Qetesh spends a lot of time visiting children across Ontario as part of the CPF Education Program.  She has been to over 70 schools, and has probably seen more than ten thousand students during this time.  She is always very relaxed and seem to enjoy the attention.  Qetesh has also played an important role as the Foundation's ambassador for media appearances and fundraising meetings and events.

Diet:
What does Qetesh eat?
Like any other peregrine falcon, Qetesh eats birds.  But because she is kept in captivity and doesn't hunt for herself, she gets her food already dead.  Her favourite food is quail, but she also gets day-old chicks from time to time.

How much does Qetesh eat every day?
Qetesh is normally given one quail per day.  If she's not too hungry, she may just nibble at it, but if she has built up a good appetite, she will eat the entire bird, including the head and feet!  This means that she is eating as much as one-fifth of her own body weight each day.

When does Qetesh get fed?
Qetesh normally has her daily meal in the late afternoon or evening.

Flight:
Can Qetesh fly?  Are his wings clipped?
Her wings are not clipped, and though she doesn't fly very often, she is remarkably strong in flight when she gets the opportunity.

Why isn't Qetesh allowed to fly during school visits?
Because Qetesh came from a breeding program, she never received flight training.  This means that if we were to release her in a class, she would fly off, but would not necessarily come back, which could of course be a problem in itself.  But there's also a risk that she could hurt herself if she panicked in unfamiliar surroundings, especially if there was any sudden noise or motion by the students while she was flying.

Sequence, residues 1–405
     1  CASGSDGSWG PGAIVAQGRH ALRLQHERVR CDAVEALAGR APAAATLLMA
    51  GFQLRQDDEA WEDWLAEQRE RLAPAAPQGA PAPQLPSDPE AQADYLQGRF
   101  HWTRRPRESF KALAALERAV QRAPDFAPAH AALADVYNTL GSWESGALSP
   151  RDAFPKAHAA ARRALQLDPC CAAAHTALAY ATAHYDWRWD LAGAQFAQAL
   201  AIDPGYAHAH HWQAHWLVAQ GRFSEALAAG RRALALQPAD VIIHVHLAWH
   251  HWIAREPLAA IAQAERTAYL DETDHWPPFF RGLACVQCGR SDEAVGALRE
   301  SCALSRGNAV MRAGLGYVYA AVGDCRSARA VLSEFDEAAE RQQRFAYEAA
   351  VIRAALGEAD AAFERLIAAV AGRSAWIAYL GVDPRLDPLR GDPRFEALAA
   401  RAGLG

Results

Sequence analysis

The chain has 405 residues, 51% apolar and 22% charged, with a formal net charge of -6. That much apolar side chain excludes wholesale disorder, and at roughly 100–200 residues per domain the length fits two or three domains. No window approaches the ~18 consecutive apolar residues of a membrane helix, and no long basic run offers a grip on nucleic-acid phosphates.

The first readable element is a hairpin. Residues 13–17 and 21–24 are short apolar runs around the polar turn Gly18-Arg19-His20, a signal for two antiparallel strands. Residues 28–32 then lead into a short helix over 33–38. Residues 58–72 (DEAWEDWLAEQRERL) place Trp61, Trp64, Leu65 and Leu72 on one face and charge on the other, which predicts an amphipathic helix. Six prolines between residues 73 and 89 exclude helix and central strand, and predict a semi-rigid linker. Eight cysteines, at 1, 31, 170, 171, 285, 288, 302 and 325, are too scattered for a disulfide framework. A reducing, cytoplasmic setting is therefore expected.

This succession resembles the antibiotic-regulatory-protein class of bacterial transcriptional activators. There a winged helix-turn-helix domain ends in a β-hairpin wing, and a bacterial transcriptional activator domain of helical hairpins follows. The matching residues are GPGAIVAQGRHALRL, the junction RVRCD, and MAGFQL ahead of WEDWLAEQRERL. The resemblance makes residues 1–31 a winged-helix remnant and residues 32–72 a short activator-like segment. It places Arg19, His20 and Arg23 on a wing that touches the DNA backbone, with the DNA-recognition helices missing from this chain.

Size:
How big is Qetesh?
Qetesh is a bit larger than a crow, roughly 50 cm from beak to tail.

What is Qetesh's wingspan?
Qetesh has a wingspan of roughly 90 cm (3 feet), which is typical for a female peregrine.

Future:
Will Qetesh be staying with the Canadian Peregrine Foundation?
Yes.  Although she is a pure anatum peregrine and would be valuable to breeding programs, she is getting old and is no longer interested in raising families.  She will remain an important part of the CPF Education Program. 

ABILITIES:
Intelligence:
How smart are peregrines?
Answer in preparation - please check back soon for full details.

How large is a peregrine's brain?
Answer in preparation - please check back soon for full details.

ANATOMY:
Feathers:
How many feathers does a peregrine have?
Answer in preparation - please check back soon for full details.

Do peregrines ever pull their feathers out?
Answer in preparation - please check back soon for full details.

Bones:
Are a bird's bones really hollow?
Yes, in most birds the majority of bones are hollow.  This is an important adaptation of flying birds, as it greatly reduces their weight, and therefore minimizes the energy they need to expend to stay in the air.

How strong are a bird's bones?
Despite being hollow, the bones of birds are actually remarkably strong.  This is large part due to their internal structure, which in many bones has extensive cross-bracing for strength.  We have seen some remarkably forceful collisions by peregrines with buildings which have not resulted in broken bones.